Feed companies are part of a larger food chain, and an increasing number of safety and sustainability demands apply to them as well. How is this organised and how do the different parts of the chain communicate?
Those were the ingredients of a webinar, held by All About Feed and GMP+ International, on February 3, which is now available for viewing on demand.
In 1 hour, 3 speakers from different backgrounds address the audience on this topic. A retailer, a feed company and an integrator shared their views.
The webinar’s speakers were preceded by a short interview with Johan den Hartog, managing director of GMP+ International, giving some more background of the webinar’s theme. Den Hartog says: “The theme ‘feed to food’ reflects on lessons learnt in the nineties of the last century. At that time we had several severe feed safety emergencies which had substantial impact on food safety for milk, eggs and meat. That is when the feed industry realised: we are part of the food chain.”
The webinar’s first speaker was John Kirkpatrick, agricultural manager for poultry and eggs with UK retailer Tesco. He summed up the sustainability challenges the retailer faces, varying from food waste to animal welfare, and from biodiversity loss to greenhouse gases, to name only a few in a longer list. All these the retailer has to think about in its supply chain.
To that end, Tesco has a set of standards for the Tesco brand and supply chains, of which feed manufacturing standards are a part. Audit data, he says, provide a direct comparative measure across the whole supply base in the UK, the EU and outside of the EU. These are backed up by feed milling inspection observations. The retailer also has “360 degree management systems and procedures within the supply base from inspection reports.”
Mia Lafontaine then took to the stage on behalf of animal nutrition company Trouw Nutrition. She is the company’s sustainability manager. Sustainability is important for the company and she explained that the concept can mean different things for different geographies. In Europe, she says, it often means “deforestation free,” in North America “low carbon,” in some areas “organic/GMO free” is essential and in others again the emphasis is at “finding novel or circular ingredients.”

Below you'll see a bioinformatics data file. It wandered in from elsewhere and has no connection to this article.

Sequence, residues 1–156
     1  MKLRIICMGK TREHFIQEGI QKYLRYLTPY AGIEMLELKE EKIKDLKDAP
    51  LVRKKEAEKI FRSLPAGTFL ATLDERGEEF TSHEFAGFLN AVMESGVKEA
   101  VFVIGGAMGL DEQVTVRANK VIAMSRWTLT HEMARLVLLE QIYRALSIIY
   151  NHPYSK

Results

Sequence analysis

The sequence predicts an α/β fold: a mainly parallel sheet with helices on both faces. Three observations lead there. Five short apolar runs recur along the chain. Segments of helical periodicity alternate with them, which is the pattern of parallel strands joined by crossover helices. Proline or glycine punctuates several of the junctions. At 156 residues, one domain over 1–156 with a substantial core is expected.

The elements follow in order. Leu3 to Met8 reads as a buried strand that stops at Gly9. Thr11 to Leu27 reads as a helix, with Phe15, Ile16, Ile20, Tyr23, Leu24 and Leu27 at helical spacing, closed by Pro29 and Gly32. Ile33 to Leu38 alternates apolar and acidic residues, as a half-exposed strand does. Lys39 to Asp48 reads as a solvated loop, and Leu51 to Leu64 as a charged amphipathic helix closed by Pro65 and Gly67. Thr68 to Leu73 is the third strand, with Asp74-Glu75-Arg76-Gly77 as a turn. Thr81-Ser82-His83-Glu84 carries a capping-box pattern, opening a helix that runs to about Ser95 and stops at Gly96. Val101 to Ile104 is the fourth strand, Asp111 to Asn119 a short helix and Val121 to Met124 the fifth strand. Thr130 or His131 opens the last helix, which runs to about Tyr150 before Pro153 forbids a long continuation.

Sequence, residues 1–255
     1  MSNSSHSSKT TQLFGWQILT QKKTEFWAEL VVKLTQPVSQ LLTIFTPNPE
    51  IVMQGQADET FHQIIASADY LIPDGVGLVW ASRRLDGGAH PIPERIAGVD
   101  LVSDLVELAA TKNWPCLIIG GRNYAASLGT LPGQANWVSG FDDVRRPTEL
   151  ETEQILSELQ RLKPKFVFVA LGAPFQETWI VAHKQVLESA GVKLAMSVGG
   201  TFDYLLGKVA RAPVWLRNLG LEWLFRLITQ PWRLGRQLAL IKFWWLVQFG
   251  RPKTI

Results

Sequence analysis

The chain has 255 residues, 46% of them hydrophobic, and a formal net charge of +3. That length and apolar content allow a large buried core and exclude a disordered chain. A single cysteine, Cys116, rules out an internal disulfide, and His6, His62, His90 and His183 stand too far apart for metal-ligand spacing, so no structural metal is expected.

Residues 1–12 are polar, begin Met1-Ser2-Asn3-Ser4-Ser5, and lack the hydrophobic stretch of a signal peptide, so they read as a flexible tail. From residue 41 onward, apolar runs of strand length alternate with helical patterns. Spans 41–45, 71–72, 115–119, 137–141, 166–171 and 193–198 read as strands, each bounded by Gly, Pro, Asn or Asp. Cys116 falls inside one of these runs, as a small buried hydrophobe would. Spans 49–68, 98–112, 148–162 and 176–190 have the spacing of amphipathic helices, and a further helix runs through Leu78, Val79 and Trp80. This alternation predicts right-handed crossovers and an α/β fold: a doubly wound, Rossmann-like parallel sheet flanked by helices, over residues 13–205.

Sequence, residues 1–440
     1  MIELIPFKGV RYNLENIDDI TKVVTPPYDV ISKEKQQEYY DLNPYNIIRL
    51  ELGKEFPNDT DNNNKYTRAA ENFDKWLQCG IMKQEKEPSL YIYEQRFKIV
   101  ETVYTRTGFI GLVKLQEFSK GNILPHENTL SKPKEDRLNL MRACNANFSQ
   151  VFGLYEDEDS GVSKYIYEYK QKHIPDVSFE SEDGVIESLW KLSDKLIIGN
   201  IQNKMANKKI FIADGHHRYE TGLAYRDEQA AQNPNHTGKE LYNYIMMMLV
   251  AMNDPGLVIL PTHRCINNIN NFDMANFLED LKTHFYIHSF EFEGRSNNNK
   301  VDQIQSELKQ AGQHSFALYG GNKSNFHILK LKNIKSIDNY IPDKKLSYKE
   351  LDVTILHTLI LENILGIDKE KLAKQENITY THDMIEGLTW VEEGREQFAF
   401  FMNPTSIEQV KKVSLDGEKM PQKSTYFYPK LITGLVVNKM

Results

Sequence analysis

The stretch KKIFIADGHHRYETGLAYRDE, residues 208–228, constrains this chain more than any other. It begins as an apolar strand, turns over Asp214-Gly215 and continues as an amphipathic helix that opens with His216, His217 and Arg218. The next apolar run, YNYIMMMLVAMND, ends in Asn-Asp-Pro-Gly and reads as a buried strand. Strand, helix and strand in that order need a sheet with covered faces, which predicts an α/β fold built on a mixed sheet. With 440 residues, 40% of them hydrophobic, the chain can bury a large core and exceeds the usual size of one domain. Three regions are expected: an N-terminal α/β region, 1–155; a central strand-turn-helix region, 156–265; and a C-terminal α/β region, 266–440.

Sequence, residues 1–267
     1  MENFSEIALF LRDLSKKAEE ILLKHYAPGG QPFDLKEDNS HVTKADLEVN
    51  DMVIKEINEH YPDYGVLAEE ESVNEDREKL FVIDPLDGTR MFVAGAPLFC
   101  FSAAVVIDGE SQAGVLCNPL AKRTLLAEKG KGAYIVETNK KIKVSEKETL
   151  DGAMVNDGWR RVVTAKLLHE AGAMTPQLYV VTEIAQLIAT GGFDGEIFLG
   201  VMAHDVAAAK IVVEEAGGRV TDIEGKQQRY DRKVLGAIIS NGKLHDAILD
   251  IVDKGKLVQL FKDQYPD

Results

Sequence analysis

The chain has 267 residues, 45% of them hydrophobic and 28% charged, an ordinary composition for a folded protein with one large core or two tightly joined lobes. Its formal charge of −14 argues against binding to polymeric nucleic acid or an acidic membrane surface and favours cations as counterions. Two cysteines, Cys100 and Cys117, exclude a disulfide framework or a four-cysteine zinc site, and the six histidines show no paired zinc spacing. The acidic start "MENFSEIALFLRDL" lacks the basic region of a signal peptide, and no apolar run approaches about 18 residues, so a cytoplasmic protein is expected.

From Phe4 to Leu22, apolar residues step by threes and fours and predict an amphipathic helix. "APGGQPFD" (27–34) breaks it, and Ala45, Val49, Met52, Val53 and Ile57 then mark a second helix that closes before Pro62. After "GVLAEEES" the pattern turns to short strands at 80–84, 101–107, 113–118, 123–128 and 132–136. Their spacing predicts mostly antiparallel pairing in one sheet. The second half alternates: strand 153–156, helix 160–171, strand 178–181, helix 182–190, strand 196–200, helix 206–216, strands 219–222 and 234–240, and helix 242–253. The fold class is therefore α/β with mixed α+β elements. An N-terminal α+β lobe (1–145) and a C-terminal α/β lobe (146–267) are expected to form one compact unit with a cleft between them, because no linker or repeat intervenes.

She also pointed to the feed industry’s “dumbest problem,” that of waste – and how that could be tackled through the company’s solutions. She said: “Collaboration between partners in the feed to food chain, she said, allows for a more sustainable way of feeding for the future.”
Agrosuper is the largest integrator of pig and poultry meat in Chile. On behalf of Agrosuper, Dr Wolfgang Peralta, head of swine feeding and production, explained the importance of proper feed quality for a large organisation like his. Therefore the company’s feed mills comply with a series of ISO regulations.
Dr Peralta summed up the steps Agrosuper is taking for assurance of feed quality, e.g. standard technical specifications to buy raw materials, supplements and additives; standard procedures to take samples and a matrix specifying which analyses will be needed from the laboratory. Clients usually want to know how Agrosuper deals with issues as animal welfare, environment, residue control, dioxin control, and the use of antibiotics to name a few.